Throughout the ordeal, I talked to Dave, to Isabel and to my mother.  My mother could tell how close I was to hysteria, just by the register of my voice.  She offered to come to the hospital, to be with us; but, I let her know that only one person was allowed back in the ER at a time, and that I wasn’t leaving.  Even Dave was stuck out in the waiting room, anxiously pacing the floor.

Once the cuts had been cleaned, the nurse summoned the doctor.  They put shots into three parts of Ben’s hand, and then the doctor began stitching.  In the end, there were eleven big stitches holding the hand together.  That hardly sounds like much,especially when you see what those thin threads were responsible for:


The doctor showed us the x-rays and said that nerves across the base of the thumb had been cut.  He couldn’t say for sure how that would affect the hand, or whether there was any permanent damage.  He just knew that Ben was extremely fortunate that no major arteries had been cut.  It could have been MUCH worse.


Aside from the pain, Ben was upset that he wouldn’t be able to play football with his league team.  They’d only had one game so far in the spring season and he’d been looking forward to a good season.

We were finally released, and we made our way out to the waiting room where J and Dave were waiting.  Dave said that he’d take the boys to McDonald’s to get some dinner while I went to the pharmacy to fill the prescriptions we’d been given for pain medication.

Now that Ben was out of earshot, I could finally react.  When I could catch my breath, I called my mother one more time.  I let her know that we were all on our way home.  Something about my mother’s voice is a trigger for me.  The sound of her sympathetic voice unlocked the reaction that I’d been keeping so tightly wrapped all afternoon and evening.  Suddenly, I was crying so hard that I could barely get the car key into the ignition.  I cried and cried for my baby boy, for how brave he’d been and for the trauma of the whole experience.  I cried with gratitude that he would be okay, that a nurse had been there when it happened and that we lived so close to a hospital.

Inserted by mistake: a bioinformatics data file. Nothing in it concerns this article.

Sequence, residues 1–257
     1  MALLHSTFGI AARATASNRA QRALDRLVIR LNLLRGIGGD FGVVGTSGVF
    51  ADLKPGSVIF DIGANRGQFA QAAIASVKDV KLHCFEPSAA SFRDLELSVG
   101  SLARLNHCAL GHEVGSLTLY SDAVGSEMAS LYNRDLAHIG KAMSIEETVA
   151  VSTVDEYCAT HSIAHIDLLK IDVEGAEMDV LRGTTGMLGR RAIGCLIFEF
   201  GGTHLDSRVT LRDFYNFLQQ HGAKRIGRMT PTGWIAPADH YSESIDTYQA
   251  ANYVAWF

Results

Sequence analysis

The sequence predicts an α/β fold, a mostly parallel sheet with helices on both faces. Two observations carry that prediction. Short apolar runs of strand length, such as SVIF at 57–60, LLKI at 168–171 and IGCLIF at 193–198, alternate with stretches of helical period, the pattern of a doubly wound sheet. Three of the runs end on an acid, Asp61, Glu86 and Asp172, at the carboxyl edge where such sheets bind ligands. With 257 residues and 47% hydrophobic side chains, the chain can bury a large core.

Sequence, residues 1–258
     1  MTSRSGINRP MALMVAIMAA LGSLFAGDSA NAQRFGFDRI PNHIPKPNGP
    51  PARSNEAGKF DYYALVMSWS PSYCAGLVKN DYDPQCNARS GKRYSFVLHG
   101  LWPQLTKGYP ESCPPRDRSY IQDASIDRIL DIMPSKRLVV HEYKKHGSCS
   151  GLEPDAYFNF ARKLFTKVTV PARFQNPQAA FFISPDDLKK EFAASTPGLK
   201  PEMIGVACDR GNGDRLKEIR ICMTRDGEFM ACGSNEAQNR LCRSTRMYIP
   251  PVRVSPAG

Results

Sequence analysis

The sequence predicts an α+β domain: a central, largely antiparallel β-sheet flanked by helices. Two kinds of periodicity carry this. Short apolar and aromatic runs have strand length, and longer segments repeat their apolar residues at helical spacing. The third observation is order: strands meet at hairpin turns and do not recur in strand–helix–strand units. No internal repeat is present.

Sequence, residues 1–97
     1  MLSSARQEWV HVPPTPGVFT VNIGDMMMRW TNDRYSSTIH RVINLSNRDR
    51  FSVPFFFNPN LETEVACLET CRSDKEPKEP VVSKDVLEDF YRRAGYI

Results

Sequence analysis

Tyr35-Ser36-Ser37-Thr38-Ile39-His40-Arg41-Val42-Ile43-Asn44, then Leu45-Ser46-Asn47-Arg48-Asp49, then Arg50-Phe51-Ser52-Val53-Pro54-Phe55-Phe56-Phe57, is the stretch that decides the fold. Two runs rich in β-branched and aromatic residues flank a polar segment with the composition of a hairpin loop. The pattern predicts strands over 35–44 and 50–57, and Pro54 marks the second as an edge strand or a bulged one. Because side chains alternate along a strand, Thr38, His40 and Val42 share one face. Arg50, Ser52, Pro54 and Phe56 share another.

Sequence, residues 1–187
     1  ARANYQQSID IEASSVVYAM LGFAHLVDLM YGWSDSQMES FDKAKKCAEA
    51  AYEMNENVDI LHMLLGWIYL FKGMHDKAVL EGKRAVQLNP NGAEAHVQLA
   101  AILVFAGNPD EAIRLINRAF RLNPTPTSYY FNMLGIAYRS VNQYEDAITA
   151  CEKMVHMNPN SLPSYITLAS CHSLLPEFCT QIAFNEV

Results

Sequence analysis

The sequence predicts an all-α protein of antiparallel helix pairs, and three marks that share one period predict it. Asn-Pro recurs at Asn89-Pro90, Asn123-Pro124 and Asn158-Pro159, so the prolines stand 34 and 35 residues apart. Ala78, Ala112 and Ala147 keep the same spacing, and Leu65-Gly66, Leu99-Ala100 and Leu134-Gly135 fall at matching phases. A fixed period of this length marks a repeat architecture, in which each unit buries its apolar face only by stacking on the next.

I was finally able to get to the pharmacy and get the prescriptions filled.  When I got home, Ben was recounting the whole thing to J’s family as they stood in the front yard.  His arm was starting to lose the numbness from the anesthetic; but, he was in relatively good spirits.

Over the next few weeks, I got very good at changing the dressing and making sure that his split was properly wrapped.  When he finally got the stitches out and could start moving his thumb, we were extremely relieved.

Ben went to every practice and game with his team, standing with the coaches and cheering his team on.  When football season started up again in the fall, Ben was healed up and ready to play.  We kept a brace on his wrist, as a precaution.

These days, exactly half of Ben’s hand is numb.  The numbness goes right down the center of his middle finger.  He doesn’t have the range of motion in his right thumb that he does with his left, but it hasn’t impaired him with football or in trying shot put and discus this year.  He does have to be careful to make sure that he doesn’t pick up very hot or very cold things, since he can’t register temperature or pain in his thumb, first finger or half of the middle finger.

The scars have faded, though they are still visible.  Every time we look at them, my stomach flops over as I remember that awful evening in the ER.  From that day, Ben has voluntarily sworn off of sodas and won’t even consider a beverage in a glass bottle.